SUN Hockey Pool

Lindros leaves as a man

JOE WARMINGTON -- Sun Media

, Last Updated: 10:46 AM ET

Eric Lindros helped build a couple of fabulous championship hockey teams.

Too bad he wasn't on one of them.

Thanks to trading Lindros, the Soo Greyhounds have title rings, as do the players on the Colorado Avalanche -- which were the Quebec Nordiques prior and another organization Lindros refused to play for.

Meanwhile, Lindros does not have a Stanley Cup ring and may not earn a Hall of Fame one either. But after what he did yesterday, maybe none of that matters anymore.

Perhaps it's time to forgive the greedy and selfish decisions of a teenager and his over-protective hockey parents. It's true the kid started off his career as a prima donna. However, he ended it yesterday with one of the most generous gestures anybody in sports has ever seen -- donating $5 million to a London, Ont., hospital.

"I certainly never heard of anybody else every doing it," said legendary OHL executive Sherry Bassin, the man who traded Lindros twice. "It is remarkable and has set a new precedent in retirement ceremonies."

It was quite a thing and a nice way to shut up your critics -- and maybe even change your entire image with the public.

For those who didn't hear, the 33-year-old Lindros not only announced his retirement from the NHL yesterday, he also donated this huge sum to the London Health Services Foundation and the Fowler Kennedy Sports Medicine Clinic -- a place that helped treat his eight concussions.

"I believe it's because of this care that my career lasted as long as it did," Lindros said.

Turns out his first move out of hockey was all class, and what Lindros didn't seem to get as a kid, he has more than made up for as a adult.

And he got this columnist good since I was set to really criticize him for a wasted opportunity of an NHL career and particularly for not coming to the wonderful city of Sault Ste. Marie.

Sure he scored 372 goals and had 493 assists for 865 points in 760 games, but I always called The Big E "The Big Exaggeration."

The Next One was a player with all of the tools and opportunity who wanted to run the show himself -- hurting a lot of feelings in the process. As a cub reporter at the Sault Star in 1990, I'll never forget his snub of the great northern city.

I know I always appreciated my four years in the Soo and would not have traded them for anything.

The thing about the Soo is they are not just with you when you are on top.

In the bad times you'll be getting calls from your Soo friends. They have a saying, "Once from the Soo, always from the Soo."

But there is another one that is more unofficial: "You screw the Soo and you will have long flu."

Lindros found that out first hand. "There is no question this city will never forgive him for the snubbing," longtime Sault Star sports editor and columnist Bill Montague said. "This terrific city was good enough for Wayne Gretzky, Paul Coffey, Adam Foote, Joe Thornton, Jeff Carter, Ray Emery and so many others."

But on the other hand, Lindros not wanting to go there was a blessing in disguise. Enter Bassin, who at the time was the Greyhounds GM and turned a trade with the Oshawa Generals for star players Mike Lenarduzzi, Mike DeCoff, Jason Denomme and draft picks that ended up being Joe Busillo and Drew Bannister.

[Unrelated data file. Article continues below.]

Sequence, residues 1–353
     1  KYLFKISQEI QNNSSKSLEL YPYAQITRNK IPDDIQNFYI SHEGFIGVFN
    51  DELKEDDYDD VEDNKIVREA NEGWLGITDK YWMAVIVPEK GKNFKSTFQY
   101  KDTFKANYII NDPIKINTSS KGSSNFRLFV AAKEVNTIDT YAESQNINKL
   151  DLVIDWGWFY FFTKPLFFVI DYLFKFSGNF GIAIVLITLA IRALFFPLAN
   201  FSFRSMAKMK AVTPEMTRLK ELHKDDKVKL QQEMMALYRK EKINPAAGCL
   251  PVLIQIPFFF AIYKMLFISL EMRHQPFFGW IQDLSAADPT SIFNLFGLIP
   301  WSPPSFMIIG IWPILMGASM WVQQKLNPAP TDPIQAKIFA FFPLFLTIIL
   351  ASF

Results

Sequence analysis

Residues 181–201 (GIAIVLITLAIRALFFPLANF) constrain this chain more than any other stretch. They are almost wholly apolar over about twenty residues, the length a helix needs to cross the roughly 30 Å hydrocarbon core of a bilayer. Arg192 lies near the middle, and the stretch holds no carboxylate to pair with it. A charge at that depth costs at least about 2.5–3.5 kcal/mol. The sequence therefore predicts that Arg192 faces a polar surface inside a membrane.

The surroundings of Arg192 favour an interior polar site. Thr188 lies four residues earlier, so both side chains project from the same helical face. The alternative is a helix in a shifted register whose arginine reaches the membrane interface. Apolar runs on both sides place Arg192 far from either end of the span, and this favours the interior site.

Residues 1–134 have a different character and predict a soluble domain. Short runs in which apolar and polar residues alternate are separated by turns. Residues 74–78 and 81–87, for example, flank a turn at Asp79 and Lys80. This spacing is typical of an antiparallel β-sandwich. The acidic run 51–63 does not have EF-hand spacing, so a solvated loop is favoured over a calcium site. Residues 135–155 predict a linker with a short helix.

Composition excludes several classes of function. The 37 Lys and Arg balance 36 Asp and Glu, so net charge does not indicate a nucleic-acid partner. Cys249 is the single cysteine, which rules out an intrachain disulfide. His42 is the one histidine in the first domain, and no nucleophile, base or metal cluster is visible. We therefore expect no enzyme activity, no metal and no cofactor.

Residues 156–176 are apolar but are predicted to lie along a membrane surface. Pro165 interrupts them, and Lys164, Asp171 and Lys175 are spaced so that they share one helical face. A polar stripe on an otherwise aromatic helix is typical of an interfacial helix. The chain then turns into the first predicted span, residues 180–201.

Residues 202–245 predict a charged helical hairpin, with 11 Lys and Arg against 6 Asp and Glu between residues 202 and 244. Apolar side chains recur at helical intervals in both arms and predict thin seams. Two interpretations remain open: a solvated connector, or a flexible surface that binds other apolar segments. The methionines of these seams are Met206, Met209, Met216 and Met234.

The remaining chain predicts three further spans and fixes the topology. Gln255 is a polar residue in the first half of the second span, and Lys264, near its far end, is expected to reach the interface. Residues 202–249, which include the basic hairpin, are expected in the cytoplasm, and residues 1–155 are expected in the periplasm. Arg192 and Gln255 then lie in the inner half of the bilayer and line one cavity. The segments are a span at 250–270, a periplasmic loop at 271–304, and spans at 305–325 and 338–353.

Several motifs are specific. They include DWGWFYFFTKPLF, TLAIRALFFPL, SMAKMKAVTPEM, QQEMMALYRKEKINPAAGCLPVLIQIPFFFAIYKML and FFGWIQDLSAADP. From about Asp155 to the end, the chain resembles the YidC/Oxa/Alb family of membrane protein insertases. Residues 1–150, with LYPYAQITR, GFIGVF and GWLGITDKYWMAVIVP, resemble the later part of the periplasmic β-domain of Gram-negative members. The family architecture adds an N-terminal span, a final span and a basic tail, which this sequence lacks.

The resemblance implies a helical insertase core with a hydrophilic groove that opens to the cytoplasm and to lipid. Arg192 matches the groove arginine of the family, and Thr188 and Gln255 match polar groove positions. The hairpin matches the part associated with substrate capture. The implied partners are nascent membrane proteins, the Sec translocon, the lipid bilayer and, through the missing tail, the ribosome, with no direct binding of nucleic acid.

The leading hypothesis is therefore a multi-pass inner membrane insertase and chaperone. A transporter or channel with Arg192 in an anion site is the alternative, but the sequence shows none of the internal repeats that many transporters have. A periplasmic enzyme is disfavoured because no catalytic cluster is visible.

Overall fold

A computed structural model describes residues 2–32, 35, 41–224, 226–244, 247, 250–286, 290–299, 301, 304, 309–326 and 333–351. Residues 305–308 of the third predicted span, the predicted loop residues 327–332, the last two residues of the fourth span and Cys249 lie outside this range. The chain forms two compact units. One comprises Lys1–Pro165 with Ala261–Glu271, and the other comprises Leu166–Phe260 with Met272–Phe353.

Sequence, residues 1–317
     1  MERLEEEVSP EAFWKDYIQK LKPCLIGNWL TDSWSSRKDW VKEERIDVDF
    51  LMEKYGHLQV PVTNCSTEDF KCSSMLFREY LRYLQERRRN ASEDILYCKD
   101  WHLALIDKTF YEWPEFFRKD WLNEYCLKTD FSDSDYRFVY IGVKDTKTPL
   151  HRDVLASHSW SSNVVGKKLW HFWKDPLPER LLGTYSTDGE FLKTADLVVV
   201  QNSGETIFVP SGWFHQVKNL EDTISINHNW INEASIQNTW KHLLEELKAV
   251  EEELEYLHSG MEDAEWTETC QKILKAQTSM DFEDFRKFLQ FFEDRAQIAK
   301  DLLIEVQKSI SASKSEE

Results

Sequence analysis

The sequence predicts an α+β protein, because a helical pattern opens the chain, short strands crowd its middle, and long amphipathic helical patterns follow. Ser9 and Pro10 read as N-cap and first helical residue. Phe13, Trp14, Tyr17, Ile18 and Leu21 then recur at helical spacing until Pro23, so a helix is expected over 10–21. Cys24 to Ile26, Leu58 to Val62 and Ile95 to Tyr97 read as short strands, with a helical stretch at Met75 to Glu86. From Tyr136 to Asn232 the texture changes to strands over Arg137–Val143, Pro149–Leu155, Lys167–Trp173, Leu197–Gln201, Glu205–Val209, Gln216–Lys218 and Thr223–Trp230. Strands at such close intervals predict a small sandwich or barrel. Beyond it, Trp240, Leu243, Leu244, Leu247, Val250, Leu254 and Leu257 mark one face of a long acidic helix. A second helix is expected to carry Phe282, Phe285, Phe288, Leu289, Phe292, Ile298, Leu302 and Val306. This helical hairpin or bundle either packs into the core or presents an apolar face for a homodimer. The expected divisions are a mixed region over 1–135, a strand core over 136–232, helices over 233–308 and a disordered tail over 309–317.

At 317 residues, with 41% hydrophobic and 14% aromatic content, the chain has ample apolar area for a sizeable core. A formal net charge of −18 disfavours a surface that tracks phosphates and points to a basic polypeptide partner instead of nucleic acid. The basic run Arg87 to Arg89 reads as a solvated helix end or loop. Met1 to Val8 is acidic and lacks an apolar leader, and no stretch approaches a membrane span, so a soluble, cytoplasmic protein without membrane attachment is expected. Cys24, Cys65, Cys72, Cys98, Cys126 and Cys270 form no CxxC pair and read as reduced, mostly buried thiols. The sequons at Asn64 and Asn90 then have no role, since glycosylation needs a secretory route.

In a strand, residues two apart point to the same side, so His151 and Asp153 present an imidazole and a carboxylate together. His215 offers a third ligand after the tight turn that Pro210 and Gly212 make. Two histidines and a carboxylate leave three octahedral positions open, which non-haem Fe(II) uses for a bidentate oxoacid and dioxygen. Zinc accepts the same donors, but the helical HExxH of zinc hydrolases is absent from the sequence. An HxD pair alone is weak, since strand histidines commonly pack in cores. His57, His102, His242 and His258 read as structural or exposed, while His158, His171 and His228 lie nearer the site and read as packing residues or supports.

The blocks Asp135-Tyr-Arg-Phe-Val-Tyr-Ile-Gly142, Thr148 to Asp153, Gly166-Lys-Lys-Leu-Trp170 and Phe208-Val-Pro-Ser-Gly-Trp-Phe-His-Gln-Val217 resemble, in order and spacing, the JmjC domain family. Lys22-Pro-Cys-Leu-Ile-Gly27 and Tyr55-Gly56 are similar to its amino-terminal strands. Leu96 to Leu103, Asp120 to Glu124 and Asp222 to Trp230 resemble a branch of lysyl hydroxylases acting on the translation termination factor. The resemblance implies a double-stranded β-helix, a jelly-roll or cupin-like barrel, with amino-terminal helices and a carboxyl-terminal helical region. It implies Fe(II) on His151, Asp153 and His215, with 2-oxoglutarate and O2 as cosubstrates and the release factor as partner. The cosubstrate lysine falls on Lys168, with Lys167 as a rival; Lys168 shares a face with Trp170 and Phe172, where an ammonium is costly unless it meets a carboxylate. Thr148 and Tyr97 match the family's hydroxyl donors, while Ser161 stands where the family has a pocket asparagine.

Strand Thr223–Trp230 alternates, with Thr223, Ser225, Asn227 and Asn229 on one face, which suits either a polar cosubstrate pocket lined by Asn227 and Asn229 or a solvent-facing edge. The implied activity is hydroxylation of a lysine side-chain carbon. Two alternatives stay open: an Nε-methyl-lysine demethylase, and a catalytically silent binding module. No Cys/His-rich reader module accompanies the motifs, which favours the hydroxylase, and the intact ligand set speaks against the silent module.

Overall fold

"It was one of the great trades in hockey history," said Montague. "It transferred a struggling organization into the envy of the Canadian Hockey League who played in three straight Memorial Cups. Thank you, Eric."

And one of the best "just desserts" moments came in the 1991 playoffs when Lindros and his Oshawa Generals played the Soo Greyhounds in the OHL final -- only to have the Soo beat his team out in a hugely emotional series with a lot of pride on the line.

When Lindros came to the Soo, fans were throwing soothers on the ice and carrying diapers.

"They did give it to him, for sure," said Montague. "But he had it coming."

MEMORIAL CUP

Bassin, now with the OHL's Erie Otters, says that in his more than 30 years in hockey, winning that series was one of his greatest moments -- telling since he has had teams go to seven Memorial Cups, won two World Junior Championships and helped mentor more than 100 players to the NHL.

"It was just such an emotional thing for the community of the Soo," he said. "It was sweet justice."

In the years since, he said he often thought back on that and wondered what might have been had Lindros come to the Soo. He feels Lindros would have been a shoo-in for the Hall of Fame if he had.

"I know one thing for sure, if he had been there in that era he would have had an experience of a lifetime," said Bassin. "He missed out on that sense of identity. That sense of community. I know every time I go there they treat me so well. They don't forget you there."

But Bassin says Lindros' donation clearly will change everything about how he is remembered.

He could have given a lot less and still got the headlines.

"He's helping people with that money. We always believed he was a special player and I guess he turned out to be a special person."

So much for a column trashing No. 88. Things are so crazy with this story maybe the next thing is he will surprise us by announcing a charity hockey game in the Soo?

If he does that, not only will all be forgiven but he'll have some northern lobbyists pushing for him to get into the Hockey Hall of Fame too.


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